By: Monica Thomas, living with CMT2A

When I was a kid and would watch movies in which wishes came true, excitement would build in my belly as I imagined my own wish being granted — what if I could rub a lamp and wish CMT away? Thoughts of life without CMT would race through my mind: running, dancing, jumping, chasing after my imaginary children, crouching down to place a band-aid on their knee. But then I would remember it was just a wish, and the fantasy would come crashing down around me.

When I was diagnosed with CMT at age 2, it wasn’t a surprise to anyone. I was the seventh person in my family to be born with the disease. Although we were familiar with CMT, we couldn’t understand why the disease was progressing faster in me than anyone else in our family.

CMT is not rare to Monica Thomas

My dad didn’t get his first pair of leg braces until he was 50; I got mine at age 5. Just a few years later, the braces alone weren’t enough to keep me mobile. I was in middle school when I began relying on a wheelchair part-time. My hands had also begun to deteriorate. By the time I got to college, I could no longer walk at all. Shortly after losing the ability to walk, my right quad muscle atrophied beyond repair, and I lost the ability to stand and drive a car. I’ve now been a full-time wheelchair user for more than a decade.

Several years ago, I set out to learn what type of CMT I have. No one in my family had been genetically tested. Because my degeneration was so much further along than everyone else’s, I feared I had a different mutation. Feeling trapped in a deteriorating body, I was desperate for answers. I went to a neurologist for the first time at age 28, and after several tests, I learned I have CMT2A, which often becomes more severe the earlier in life it presents. My intense progression finally made sense.


A Cycle That Needs Breaking

I often compare having CMT to continually going through the cycle of grief. When I began to lose my ability to walk, I was in denial that my progressive disease was progressing. When my orthotist explained that I was getting weaker, I was so angry — angry at him, at the universe, at the disease coursing through my veins. I decided to enter intensive physical therapy. I bargained that if I worked my muscles to the point of exhaustion, they would rebuild, and I would walk again. Of course, they didn’t. That’s not how CMT works. I fell into a depression that lasted for months. Eventually, I adjusted to wheelchair life and accepted it. This cycle has repeated in some form each time my body loses function. After three decades, the only thing that’s changed is how quickly I’m able to reach acceptance. While it’s never easy, I am thankful that I have a wonderful support system.

A year ago, I had an ankle fusion. My right foot curved in severely, and a fusion was the only option to ease the discomfort. It has been the most painful recovery of my life. I had a host of complications that led to removing my cast at four weeks instead of 10. My husband and I had to wash and redress my wounds twice a day for four weeks. It has taken a full year for the pain to diminish enough to get my life back. While healing from the ankle fusion, I began experiencing intense pain in my right hip. I thought it was just from keeping my leg elevated, but x-rays revealed severe hip dysplasia. Doctors have recommended another major bone surgery called periacetabular osteotomy (PAO). The thought of another recovery like the one I’ve been through is unbearable.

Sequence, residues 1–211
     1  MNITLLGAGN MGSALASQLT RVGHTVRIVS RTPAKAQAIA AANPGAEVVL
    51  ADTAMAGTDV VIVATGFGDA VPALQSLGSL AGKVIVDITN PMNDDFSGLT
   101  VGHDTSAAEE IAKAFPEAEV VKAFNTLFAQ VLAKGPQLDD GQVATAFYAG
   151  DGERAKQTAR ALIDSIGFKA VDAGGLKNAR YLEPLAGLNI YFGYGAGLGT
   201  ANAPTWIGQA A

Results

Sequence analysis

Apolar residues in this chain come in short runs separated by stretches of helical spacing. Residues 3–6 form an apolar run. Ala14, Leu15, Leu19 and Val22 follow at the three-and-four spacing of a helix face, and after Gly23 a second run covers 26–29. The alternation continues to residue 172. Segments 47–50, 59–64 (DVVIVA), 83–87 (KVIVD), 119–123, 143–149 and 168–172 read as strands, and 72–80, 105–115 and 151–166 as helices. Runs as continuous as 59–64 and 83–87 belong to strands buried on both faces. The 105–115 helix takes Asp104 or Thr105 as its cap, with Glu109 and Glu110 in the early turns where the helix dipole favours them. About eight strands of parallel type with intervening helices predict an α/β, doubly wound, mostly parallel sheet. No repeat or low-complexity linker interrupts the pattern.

Monica gets an ankle fusion


Creating a Future without CMT

As a child watching movies all those years ago, I used to wish that CMT would go away. Today, I realize that wish could actually come true because of scientific advances and cutting-edge research. The thought is more exciting than I could ever put into words.

A world without CMT would mean that I could get some of my independence back. It would mean that I don’t lay awake at night wondering if my future children will have the same childhood I did, where other kids follow them on the playground asking “what’s wrong” with them or chanting mean names at them in the hallway. It would mean less pain, less frustration, less grief. It would mean more living.

The CMT Research Foundation recognizes the urgency of finding treatments and cures. That’s why I’m proud to be a CMT Research Foundation ambassador to raise awareness and funds for the most promising research. I want to eradicate CMT, not just accept that I have to live with it forever and could pass it on to future children. It’s so far past time for a cure. I’m fighting to ensure that no one else has to go through what I’ve been through the past 31 years.

Monica writes extensively about her life with CMT, including her year-long recovery from an ankle fusion, at You can also find her on Instagram at @MonicaEngleThomas.


Delivering Treatments & Cures Faster for CMT Patients Like Monica

You can give Monica and everyone living with CMT more than hope by making a donation to the CMT Research Foundation to fund the most promising CMT research that’s solely focused on delivering treatments and cures during our lifetime.



“You have nothing to lose by donating to support CMT research, but millions of people like me have everything to gain. There is a real future without CMT, but we only get there through research. Please help make that research happen. Please help ensure that no one else has to suffer through this disease without any real hope of a treatment or cure.”

— Monica, living with CMT2A